Cech and HHMI have demonstrated strong support of UVM, providing millions of dollars in aid to UVM researchers and helping to establish both the undergraduate science education HELiX program and the College of Medicine's program in structural biology.
Through his work at HHMI, and his strong sense of responsibility as a scientist and educator, Cech ensures that scientists across the country are equipped with the quality resources they need to help them uncover answers to how the body functions and why diseases occur.
Grandfather Josef, a shoemaker, immigrated to the U.S. from Bohemia in 1913. My other grandparents, also of Czech origin, were first-generation Americans. My father was and is a physician, my mother the homemaker. I was born in Chicago on December 8, 1947.
The safe streets and good schools of Iowa City, Iowa provided the backdrop for the childhood years of my sister Barbara,my brother Richard and myself. My father, who loved physics as much as medicine, interjected a scientific approach and point of view into most every family discussion. I discovered science for myself in fourth grade, collecting rocks and minerals and worrying about how they were formed. By the time I was in junior high school, I would knock on Geology professors' doors at the University of Iowa, asking to see models of crystal structures and to discuss meteorites and fossils.
In 1966 I entered Grinnell College, where I was to derive as much enjoyment studying Homer's Odyssey, Dante's Inferno, and Constitutional History as Chemistry. I met Carol over the melting point apparatus in a make-up Organic Chemistry lab, starting the partnership of our lives that is now more than 20 years old.
The Chemistry I appreciated the most from textbooks was physical chemistry. However, undergraduate research experiences at Argonne National Laboratory and at Lawrence Berkeley Laboratory taught me that I didn't have a long enough attention span for the elaborate plumbing and electronics of gas-phase chemical physics. I was later attracted to biological chemistry because of the almost daily interplay of experimental design, observation, and interpretation.
Berkeley, 1970. Carol and I chose the University of California as much for the excitement of life there as for the excellence of its Chemistry Department. My thesis advisor, John Hearst, had an enthusiasm for chromosome structure and function that proved infectious; I have not yet recovered, nor do I wish to. Long days in the laboratory were punctuated by occasional backpacking trips in the alpine splendor of the Sierra Nevada.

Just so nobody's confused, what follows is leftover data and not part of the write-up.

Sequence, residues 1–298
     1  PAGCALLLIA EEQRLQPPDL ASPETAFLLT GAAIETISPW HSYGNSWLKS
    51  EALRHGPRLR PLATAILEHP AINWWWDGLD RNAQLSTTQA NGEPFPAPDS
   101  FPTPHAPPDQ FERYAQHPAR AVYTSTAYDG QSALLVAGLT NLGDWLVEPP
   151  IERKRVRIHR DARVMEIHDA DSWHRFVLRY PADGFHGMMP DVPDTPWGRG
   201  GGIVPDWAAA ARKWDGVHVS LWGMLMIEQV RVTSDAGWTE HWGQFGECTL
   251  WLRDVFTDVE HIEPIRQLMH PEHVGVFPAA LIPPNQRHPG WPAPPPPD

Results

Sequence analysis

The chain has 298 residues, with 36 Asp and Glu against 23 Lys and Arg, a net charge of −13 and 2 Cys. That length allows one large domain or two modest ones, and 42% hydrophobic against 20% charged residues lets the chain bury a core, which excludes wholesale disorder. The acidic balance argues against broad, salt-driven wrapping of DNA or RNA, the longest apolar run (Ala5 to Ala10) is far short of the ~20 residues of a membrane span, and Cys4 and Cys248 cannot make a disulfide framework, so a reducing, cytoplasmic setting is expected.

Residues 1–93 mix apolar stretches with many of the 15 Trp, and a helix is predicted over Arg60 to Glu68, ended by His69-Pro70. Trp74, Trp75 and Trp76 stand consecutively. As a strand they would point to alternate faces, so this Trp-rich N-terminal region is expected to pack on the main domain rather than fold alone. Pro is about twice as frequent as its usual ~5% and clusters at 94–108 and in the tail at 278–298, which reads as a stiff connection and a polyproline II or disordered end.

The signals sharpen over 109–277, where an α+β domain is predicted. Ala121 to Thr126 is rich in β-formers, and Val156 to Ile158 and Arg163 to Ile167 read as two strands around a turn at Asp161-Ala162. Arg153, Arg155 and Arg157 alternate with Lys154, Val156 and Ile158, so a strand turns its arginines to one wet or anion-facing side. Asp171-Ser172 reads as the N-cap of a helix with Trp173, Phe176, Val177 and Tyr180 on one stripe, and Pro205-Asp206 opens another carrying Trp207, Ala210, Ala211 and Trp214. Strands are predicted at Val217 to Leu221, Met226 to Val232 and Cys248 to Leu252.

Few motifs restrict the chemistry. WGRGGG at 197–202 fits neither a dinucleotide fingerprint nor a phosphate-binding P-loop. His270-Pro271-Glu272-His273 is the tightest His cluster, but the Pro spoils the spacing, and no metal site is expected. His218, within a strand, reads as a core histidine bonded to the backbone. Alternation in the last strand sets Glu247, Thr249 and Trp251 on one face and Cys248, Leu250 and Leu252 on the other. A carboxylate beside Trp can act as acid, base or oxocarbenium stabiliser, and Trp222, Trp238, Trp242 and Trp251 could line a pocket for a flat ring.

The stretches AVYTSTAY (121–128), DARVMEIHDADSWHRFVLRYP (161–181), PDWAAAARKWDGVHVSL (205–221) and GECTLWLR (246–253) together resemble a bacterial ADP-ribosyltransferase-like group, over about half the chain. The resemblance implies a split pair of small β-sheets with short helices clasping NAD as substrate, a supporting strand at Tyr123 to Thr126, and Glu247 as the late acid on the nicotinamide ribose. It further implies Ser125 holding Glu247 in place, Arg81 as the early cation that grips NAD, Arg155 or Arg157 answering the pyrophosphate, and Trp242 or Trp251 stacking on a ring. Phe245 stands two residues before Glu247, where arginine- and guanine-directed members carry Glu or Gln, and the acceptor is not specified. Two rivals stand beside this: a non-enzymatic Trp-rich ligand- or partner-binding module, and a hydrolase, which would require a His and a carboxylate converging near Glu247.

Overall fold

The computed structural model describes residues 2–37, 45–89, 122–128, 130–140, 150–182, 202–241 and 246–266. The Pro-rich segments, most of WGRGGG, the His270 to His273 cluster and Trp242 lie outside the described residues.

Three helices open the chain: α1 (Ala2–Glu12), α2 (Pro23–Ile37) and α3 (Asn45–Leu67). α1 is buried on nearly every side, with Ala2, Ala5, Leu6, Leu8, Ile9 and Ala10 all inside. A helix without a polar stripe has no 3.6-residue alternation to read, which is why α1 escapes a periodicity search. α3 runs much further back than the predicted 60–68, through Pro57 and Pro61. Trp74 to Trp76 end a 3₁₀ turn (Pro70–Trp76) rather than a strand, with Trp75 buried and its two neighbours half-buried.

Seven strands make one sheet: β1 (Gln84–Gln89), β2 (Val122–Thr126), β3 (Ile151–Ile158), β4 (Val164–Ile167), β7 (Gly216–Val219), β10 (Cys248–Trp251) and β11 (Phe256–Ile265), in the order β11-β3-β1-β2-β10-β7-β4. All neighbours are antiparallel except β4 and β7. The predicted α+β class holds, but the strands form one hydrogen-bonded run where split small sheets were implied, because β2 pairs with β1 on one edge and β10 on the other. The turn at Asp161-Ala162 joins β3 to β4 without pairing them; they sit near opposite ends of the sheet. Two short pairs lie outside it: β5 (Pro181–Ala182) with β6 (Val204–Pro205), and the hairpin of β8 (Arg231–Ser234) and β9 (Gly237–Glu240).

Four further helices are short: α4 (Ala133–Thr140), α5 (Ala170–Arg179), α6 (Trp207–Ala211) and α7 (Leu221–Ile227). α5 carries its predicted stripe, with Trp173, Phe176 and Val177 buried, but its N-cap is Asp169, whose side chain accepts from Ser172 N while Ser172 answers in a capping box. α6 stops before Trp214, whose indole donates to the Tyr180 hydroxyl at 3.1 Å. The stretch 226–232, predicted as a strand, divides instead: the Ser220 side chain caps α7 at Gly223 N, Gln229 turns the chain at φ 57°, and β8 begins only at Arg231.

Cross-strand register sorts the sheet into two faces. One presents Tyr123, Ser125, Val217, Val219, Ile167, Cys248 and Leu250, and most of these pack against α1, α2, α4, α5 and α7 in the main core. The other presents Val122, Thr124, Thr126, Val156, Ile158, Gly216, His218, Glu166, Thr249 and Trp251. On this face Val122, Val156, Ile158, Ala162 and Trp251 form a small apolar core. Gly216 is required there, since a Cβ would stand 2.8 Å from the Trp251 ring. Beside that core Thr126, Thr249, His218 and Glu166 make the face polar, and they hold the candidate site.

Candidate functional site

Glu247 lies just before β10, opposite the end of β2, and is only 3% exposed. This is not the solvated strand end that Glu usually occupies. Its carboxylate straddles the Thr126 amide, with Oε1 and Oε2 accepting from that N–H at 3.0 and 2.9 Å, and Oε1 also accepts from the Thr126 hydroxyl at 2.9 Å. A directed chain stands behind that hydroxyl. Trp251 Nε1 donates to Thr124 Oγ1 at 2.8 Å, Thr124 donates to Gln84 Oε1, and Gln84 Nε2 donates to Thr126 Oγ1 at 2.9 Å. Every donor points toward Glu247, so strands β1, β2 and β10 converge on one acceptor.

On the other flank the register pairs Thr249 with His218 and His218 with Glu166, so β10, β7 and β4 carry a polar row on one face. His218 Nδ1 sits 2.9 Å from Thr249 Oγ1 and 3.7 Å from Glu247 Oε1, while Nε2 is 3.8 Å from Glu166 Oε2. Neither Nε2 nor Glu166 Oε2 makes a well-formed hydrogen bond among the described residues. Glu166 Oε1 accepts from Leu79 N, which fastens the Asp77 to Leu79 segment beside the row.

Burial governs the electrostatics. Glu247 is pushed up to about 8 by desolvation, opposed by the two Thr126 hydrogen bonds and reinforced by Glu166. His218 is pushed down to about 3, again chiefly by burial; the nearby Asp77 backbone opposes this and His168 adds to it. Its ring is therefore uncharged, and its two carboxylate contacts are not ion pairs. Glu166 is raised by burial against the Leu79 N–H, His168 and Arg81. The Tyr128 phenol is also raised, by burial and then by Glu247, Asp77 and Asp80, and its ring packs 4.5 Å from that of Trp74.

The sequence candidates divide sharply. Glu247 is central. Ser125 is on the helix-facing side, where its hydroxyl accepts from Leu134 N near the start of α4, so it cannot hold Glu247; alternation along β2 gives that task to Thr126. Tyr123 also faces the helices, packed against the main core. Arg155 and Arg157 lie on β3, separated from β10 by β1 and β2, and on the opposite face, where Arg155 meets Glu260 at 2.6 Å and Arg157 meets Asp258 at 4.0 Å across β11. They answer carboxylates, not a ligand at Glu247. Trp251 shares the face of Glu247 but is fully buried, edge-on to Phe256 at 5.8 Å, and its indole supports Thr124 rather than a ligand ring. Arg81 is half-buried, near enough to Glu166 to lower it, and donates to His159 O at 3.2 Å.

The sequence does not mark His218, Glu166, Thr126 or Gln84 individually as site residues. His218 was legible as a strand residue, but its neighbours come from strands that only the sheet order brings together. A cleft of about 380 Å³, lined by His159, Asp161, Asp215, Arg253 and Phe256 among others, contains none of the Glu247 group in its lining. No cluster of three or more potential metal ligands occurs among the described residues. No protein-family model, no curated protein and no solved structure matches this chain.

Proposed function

In 1975 we obtained our Ph.D.'s and moved to postdoctoral positions in Cambridge, Massachusetts, Carol at Harvard and I at M.I.T. I strengthened my knowledge of biology in Mary Lou Pardue's laboratory, and enjoyed being part of the interactive scientific scene at M.I.T.
We began our first faculty positions at the University of Colorado, Boulder in 1978. I was initially attracted by the enthusiasm and energy of the faculty; I have stayed because in my field the intellectual environment here would be very hard to equal. We have benefitted from very fine colleagues, with whom we have shared many great dinners and ski trips to the nearby Rocky Mountains. More recently, life has been transformed by the addition to our family of two energetic daughters, Allison (born 1982) end Jennifer (1986). It promises to return to normal sometime in the next century.
Because of my research group's discoveries, more than a dozen national and international awards preceded the Nobel Prize for Chemistry in 1989. Among them were the Pfizer Award in Enzyme Chemistry (American Chemical Society), the Award in Molecular Biology (U.S. National Academy of Sciences), the Heineken Prize (Royal Netherlands Academy of Arts and Sciences), and the Lasker Award. I received an honorary D.Sc. degree from Grinnell College in 1987 and from the University of Chicago in 1991. I have been elected to the U. S. National Academy of Sciences (1987) and to the American Academy of Arts and Sciences (1988). In 1987 I was awarded a lifetime Professorship by the American Cancer Society, and in 1988 became Investigator of the Howard Hughes Medical Institute.